Stephen Grooms' answer The question is whether or not your conduct was "operating a motor vehicle" under 56-1-1020, 1100. While private property vs public roads is addressed in Habitual Offender related injury charges (56-1-1105) it isn't so clear under the general statute. However it does set a nice precedent for an attorney to work with. You should contact a local criminal defense attorney to have them look into the case law to see how the courts have treated cases with your fact pattern. There may be an attorney...
Carole Jean Hayes' answer Wow. It is faulty equipment; however, that's really odd that one would get pulled over for that alone. I have little doubt that if you go to the hearing, it will get significantly decreased or dropped based upon the fact it was day light.
Peter N. Munsing's answer A seizure would be a "sudden emergency" which would let him off the hook for a civil case. As you have pointed out, in the citation that may stir up more dust than it's worth. Note that some state say doctors have to notify the state, in which case what you do in traffic court won't matter.
William Head's answer Call the police department that arrested you. They MUST know where the vehicle was towed. Go get it, and limit your storage fees. State laws allow a tow company to SELL your vehicle, if not picked up within a certain number of days.
Allison Brandt Blackwelder's answer Yes. There are standard fines that each court associates with charges listed on a citation. In some courts, there is not even a standard location to write a fine amount on a citation, so there is an implicit understanding when any ticket is written.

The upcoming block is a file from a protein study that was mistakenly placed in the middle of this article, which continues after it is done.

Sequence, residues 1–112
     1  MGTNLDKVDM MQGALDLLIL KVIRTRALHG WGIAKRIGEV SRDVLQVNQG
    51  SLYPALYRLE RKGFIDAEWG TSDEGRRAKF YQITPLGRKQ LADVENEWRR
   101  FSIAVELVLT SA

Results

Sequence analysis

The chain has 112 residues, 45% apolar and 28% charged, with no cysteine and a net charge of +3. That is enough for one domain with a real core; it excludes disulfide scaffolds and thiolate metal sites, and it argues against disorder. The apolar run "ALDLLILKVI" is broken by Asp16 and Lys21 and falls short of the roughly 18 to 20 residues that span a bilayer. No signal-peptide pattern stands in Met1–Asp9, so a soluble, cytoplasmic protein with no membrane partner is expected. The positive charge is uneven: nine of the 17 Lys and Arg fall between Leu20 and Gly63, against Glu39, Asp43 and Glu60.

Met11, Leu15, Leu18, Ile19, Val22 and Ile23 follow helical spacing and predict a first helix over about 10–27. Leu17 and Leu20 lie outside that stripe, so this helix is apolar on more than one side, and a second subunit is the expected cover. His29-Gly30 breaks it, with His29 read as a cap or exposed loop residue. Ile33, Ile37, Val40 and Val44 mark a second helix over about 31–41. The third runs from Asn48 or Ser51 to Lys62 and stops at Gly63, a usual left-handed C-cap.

The bottom line is that you are going to have to pay a fine if/when you plead guilty to the ticket or if a judge finds you guilty.
You may be able to fight your citation or make arrangements for a more favorable resolution if...
Peter N. Munsing's answer There's going to be an argument. Plead not guilty. Contact a member of the SC Assn for Justice as you may have an injury claim. Give no statements to any insurance--tell yours you are fighting the citation and don't want to give a statement until you speak with your lawyer. Get a hold of the police report. Get photos of both cars. Tell your company you don't think you are at fault.
Peter N. Munsing's answer You need to read your rules of the road. In most states you pull up to the line, stop, then go. If they are far away, nothing happened, right? If something happened they weren't that far away, right? If yoiu got a ticket read your statute.Very closely.
Allison Brandt Blackwelder's answer Traffic citations can have consequences beyond court dates and fines. An experienced traffic attorney can look at you citations and let you know what options may be available to make things better. Call one today to make sure you take advantage of all of your options.
Allison Brandt Blackwelder's answer Your first step is contacting the court that handled your case five years ago and paying that fine or serving whatever sentence was ordered. If you have no other license issues, proof that you handled the old charge may be enough for the DMV to allow you to get your license back.
If you are unsure about your old case or if you have other traffic issues, it is a good idea to hire an experienced traffic attorney to help you.
Allison Brandt Blackwelder's answer Bottom line: Contact an attorney to see what options might be available to you and your specific set of circumstances prior to your court date.
Reckless Driving is a serious traffic offense and can lead to issues with license suspension, insurance premium increases, and other employment-related issues if you are convicted. Reckless driving is an arrestable offense, but the officer had the choice to take you to jail (they could have given you a citation in lieu of arrest). This tells...
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